OKC Thunder documentary review: How Nick Collison became Mr. Thunder

Nick Collison, OKC Thunder (Photo by Layne Murdoch/NBAE via Getty Images)
Nick Collison, OKC Thunder (Photo by Layne Murdoch/NBAE via Getty Images) /

Over the weekend at the 17th annual DeadCenter film festival the OKC Thunder debuted a short-film documentary about Nick Collison titled “Mr. Thunder”.

On Saturday, June, 9th the OKC Thunder debuted their first team film. Fittingly, the subject was recently retired Nick Collison aka Mr. Thunder himself. Before the documentary began Thunder Basketball Operations Director Matt Tumbleson gave an introduction.

When Tumbleson spoke he revealed the fact Collison had doubts about whether or not people would be interested in the documentary. Tumbleson observed the crowd, then said judging by the turnout, yes fans were highly interested.

Based on my own rough estimation about 2,000 spectators were in attendance for the screening.

Image and video hosting by TinyPic
Image and video hosting by TinyPic /

Highlights from the film:

Growing to love his nickname

In the film, Nick Collison revealed the origin of his nickname Mr. Thunder. OKC Thunder assistant general manager Troy Weaver first referred to Collison as Mr. Thunder when he was speaking to some children.

As Collison told the story, Weaver used Nick as an example saying “Be like Mr. Thunder” thus the nickname was born. Collison divulged when he first heard the nickname that he cringed.

Collison explained how he thought his teammates would make fun of him, the opposite occurred. Mr. Thunder’s teammates took to the nickname, and Collison reluctantly said it’s cool in the documentary.

Perspective from Mark Bryant

Collison discussed his relationship with Thunder assistant coach Mark Bryant, explaining how they have been together since the last year the franchise was in Seattle.

Bryant explained how many people call Nick Mr. Thunder, Bryant said he prefers to call Collison Dirty. The explanation, as per Bryant is Collison did things on the basketball court others players just don’t like doing.

Collison discussed how he viewed his role on the court as the equivalent of a janitor.

Superstitious pregame routines

Collison discussed he and Westbrook’s very intricate ball routine prior to the team taking the court for shootaround. Once shootaround begins Collison talked about dunking off his right foot, then his left foot, and shooting a three from each corner. When the shot clock would reach the 9:00 minute mark, Dakari Johnson would pass Nick the ball and he dunked off both feet.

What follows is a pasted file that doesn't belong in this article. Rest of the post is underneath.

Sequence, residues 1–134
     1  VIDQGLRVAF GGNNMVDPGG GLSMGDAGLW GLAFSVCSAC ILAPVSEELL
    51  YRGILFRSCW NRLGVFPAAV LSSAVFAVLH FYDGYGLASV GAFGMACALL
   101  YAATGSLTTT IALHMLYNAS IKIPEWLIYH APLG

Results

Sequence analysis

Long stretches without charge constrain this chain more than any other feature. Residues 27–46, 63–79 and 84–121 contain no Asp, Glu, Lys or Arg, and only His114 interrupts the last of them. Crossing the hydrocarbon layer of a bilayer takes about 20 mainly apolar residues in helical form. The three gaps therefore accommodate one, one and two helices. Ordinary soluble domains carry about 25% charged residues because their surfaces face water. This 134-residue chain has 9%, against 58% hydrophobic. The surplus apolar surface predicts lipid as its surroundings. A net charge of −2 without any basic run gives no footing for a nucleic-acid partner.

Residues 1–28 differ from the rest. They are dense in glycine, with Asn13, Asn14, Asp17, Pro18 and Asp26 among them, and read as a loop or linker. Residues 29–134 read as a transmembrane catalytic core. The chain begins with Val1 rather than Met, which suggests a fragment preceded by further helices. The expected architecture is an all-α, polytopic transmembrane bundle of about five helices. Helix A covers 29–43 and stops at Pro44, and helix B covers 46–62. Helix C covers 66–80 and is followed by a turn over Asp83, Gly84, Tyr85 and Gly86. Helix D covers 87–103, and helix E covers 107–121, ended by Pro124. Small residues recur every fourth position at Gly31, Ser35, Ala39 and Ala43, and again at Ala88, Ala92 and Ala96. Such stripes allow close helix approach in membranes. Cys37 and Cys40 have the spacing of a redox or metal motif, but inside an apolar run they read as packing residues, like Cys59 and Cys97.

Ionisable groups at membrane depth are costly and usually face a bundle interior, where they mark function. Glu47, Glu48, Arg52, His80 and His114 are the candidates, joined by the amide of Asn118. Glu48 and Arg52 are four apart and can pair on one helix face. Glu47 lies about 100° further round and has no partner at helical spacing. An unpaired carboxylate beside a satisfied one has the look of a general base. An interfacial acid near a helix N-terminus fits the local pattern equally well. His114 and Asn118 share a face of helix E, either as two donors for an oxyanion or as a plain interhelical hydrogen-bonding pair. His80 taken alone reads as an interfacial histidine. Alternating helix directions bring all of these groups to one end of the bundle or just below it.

Collison said the routine was important because of superstition and to ensure he could still dunk.

Lowlights from the film:

Where did all Collison’s teammates go?

More from Thunderous Intentions

The film offered commentary from two assistant coaches, Collison’s parents, and Nick Collison himself. Yet, the film did not feature any interviews with Collison’s teammates from this past season. I found this aspect of the film strikingly strange.

To this point Russell Westbrook played his entire career with Collison, the fact Russ did not participate in the documentary was unfortunate. However, Russ might not have been asked to take part in the film. Although the film was good, it could have been better if Westbrook or Steven Adams were involved.

The perspective and or stories Westbrook and Adams could have shared about Nick likely would have been priceless. Perhaps we’ll have to wait until Collison’s jersey retirement to hear tails from his teammates.

*Disclaimer no inside information, complete hunch on the OKC Thunder retiring Nick Collison’s jersey.

Length of the Film

The running time of the documentary was just under 30 minutes, considering the film was to celebrate Collison’s career it could have been longer. Furthermore, the OKC Thunder were not required to make this film, it was merely a nice tribute to the team’s longest-tenured player.

Ultimately, the project included two small flaws, length and lack of teammate appearances, besides those complaints the documentary was executed nicely. To anyone unable to attend the initial screening it’s now available on YouTube and can be viewed above.